Nahua Peoples: Culture, Religion & Language

Instructor: Joshua Sipper

Dr. Sipper holds a PhD in Education, a Master's of Education, and a Bachelor's in English. Most of his experience is in adult and post secondary education.

The Nahua people of Mesoamerica are a group of Native Americans originally associated with the ancient Aztec people. While the modern Nahua people have very different views, the ancient culture, religion, and language continue to influence the Nahua.

The Nahua People: History and Development

How important is your culture, religion, and language? What if you were suddenly forced into a cultural, religious, and linguistic environment you had never known and were expected to leave your old ways behind? This was a reality for the Aztec people in the sixteenth century in the face of the Spanish invasion.

The Nahua people of Mesoamerica are a group of Native Americans originally associated with the ancient Aztec people.

The Nahua tradition included several different dialect groups throughout the region of modern day Mexico. The language itself is estimated to be around 5,000 years old, originating around the time of ancient Egypt and other eastern cultures.

The Nahua people actually were one of the earliest progenitors of the tribes of Mexico and Central America. Their culture, language, religion, and society influenced all who came after them.

The rich history and influence of the Nahua is still of interest to historians and sociologists today. Let's explore their culture, language, and religion of the Nahua in ancient times with a brief look into some of the more modern developments of their society.

The Nahua People: Culture

The Nahua people have lived in the Mesoamerican region for at least 5,000 years. As a result, many peoples have adopted and continued elements of Nahua culture, including in native tribes throughout Central America, South America and Canada (especially through language patterns).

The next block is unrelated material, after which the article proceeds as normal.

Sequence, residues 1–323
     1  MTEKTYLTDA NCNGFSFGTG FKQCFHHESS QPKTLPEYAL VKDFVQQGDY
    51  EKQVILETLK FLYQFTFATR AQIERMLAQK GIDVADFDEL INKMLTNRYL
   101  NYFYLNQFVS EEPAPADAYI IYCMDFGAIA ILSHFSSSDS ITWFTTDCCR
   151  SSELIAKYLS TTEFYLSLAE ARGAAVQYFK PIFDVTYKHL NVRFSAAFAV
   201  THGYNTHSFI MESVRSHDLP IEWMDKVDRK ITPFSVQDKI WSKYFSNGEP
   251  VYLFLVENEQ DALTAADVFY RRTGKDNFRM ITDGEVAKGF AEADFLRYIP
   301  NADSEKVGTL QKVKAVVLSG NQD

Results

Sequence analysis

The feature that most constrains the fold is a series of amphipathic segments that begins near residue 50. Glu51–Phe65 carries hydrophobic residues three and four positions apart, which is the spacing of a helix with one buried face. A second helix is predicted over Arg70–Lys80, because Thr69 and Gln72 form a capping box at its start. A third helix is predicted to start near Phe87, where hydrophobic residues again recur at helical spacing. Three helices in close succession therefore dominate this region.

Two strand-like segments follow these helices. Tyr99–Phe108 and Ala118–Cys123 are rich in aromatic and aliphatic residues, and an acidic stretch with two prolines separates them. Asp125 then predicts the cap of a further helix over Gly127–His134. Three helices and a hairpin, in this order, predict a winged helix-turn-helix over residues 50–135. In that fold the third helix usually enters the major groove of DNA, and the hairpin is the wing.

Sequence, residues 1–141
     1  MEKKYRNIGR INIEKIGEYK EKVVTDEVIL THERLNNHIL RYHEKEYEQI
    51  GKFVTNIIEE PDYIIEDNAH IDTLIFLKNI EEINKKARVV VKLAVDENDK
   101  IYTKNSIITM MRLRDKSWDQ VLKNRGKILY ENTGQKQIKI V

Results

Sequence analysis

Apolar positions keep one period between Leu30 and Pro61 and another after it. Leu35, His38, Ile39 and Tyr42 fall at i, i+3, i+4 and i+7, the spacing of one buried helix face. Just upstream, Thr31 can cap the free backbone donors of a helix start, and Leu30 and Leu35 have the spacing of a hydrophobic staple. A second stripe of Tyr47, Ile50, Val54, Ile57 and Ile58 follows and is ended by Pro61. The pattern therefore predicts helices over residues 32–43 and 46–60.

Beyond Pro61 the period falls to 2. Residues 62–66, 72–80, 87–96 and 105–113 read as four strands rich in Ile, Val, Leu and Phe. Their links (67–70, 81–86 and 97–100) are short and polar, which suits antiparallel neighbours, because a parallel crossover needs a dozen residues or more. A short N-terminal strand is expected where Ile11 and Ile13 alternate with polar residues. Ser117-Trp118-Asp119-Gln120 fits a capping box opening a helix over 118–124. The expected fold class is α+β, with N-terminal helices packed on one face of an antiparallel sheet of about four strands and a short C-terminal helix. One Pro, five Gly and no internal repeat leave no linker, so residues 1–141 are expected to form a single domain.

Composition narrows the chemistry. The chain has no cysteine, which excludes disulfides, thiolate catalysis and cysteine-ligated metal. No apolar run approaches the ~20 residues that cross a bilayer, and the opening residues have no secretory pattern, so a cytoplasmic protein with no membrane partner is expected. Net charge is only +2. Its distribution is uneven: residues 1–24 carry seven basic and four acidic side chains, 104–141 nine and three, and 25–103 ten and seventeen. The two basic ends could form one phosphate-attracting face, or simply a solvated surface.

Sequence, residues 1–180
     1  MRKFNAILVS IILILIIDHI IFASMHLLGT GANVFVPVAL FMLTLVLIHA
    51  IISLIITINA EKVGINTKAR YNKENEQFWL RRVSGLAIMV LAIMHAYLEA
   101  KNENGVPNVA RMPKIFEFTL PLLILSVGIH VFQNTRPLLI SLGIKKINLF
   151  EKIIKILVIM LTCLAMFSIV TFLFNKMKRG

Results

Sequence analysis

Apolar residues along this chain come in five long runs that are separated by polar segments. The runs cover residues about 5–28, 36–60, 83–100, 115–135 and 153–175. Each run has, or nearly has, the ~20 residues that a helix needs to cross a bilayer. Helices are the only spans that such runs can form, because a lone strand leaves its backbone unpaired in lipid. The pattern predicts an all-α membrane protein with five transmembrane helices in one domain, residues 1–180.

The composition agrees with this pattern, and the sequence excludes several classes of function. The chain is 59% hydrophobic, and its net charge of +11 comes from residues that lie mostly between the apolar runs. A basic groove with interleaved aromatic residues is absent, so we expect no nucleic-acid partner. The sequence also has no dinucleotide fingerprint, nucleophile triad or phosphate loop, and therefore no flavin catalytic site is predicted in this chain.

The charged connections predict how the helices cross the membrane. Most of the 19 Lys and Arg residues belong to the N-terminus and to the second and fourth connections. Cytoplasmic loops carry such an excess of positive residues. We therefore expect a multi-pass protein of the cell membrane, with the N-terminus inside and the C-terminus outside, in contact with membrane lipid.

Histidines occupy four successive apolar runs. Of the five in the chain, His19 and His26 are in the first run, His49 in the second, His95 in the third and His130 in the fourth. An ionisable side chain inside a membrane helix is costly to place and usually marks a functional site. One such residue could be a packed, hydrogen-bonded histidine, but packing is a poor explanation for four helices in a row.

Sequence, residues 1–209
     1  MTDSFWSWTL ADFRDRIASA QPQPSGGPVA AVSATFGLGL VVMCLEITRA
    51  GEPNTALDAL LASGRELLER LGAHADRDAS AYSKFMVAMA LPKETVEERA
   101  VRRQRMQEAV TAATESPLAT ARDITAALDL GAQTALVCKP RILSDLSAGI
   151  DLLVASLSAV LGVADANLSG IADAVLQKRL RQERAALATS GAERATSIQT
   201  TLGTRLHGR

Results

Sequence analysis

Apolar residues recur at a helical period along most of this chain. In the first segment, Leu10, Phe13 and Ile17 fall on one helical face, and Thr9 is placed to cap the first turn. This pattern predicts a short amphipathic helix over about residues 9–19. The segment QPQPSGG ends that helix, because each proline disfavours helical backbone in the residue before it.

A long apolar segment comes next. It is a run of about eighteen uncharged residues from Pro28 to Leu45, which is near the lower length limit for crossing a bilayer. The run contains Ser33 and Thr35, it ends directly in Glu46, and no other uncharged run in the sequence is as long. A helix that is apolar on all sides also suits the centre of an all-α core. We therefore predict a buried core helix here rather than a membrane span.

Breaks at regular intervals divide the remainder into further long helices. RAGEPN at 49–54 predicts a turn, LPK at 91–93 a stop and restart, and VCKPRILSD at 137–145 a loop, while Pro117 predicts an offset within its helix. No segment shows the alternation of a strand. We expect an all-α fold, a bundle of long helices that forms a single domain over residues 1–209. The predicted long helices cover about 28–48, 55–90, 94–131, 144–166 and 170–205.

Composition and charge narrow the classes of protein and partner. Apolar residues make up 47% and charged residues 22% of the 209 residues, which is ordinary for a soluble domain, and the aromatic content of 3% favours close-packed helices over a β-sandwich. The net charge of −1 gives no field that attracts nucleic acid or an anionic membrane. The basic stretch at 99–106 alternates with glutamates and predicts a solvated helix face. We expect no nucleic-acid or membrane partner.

The art of the Nahua is a widespread element of this rich culture. The artistic expressions of dance, poetry, and music included ceremonial aspects of their religion and of everyday life. They produced a wide array of decorative art including jewelry, pottery, and vivid paintings.

The Nahua people were well known for their agricultural pursuits. They produced and traded copious amounts of corn, tobacco, beans, cacao, and various other staple crops. Through their cultural establishment and heritage of growing food, the Nahua furthered the agrarian societies upon which great empires would eventually be built.

The rearing, chores, and punishment of Nahua children.
Nahua culture

The Nahua People: Religion

Ancient and modern Nahua religion are difficult to separate. While the ancient religion is steeped in a type of naturalistic pantheism, it is now practiced in a decidedly Catholic manner. However, with some help from ancient sources of art and culture of the Mesoamerican region, the ancient Nahua religious practices can be clarified to some extent.

The ancient Nahua people recognized nature as a huge part of their existence and everyday lives. The weather affected the crops, seasons affected health and migration patterns of animals, and other natural events such as storms and drought carried with them the usual uncertainty.

Most of the religious ceremonies of the ancient Nahua revolved around sacrifice to their gods, who were pagan deities that oversaw the seasons, Sun, Moon, and other aspects of nature. The sacrifices generally were used to entice the gods to send the rains and other seasonal weather events in the proper proportions, ensuring societal prosperity.

Modern Nahua subscribe to a sort of quasi-Catholicism that fuses pagan traditions with Catholic religious beliefs and practices. In the sixteenth century, during the Spanish invasion, Catholicism was brought in and basically forced upon the indigenous tribes. This cultural upheaval caused great confusion and disruption to the Nahua, who were still committed to their nature worship and familial closeness.

However, what eventually evolved from this confusion was a fusion of Catholic understanding and practice with pagan rituals. Some of these include the identification of elemental spirits with God and the importance of godparents as a close-knit community practice. Altogether, the religious practices of the ancient Nahua seem to have carried on at least in some small fashion.

The deity Quetzlcoatl, named and worshiped by the Nahua people.

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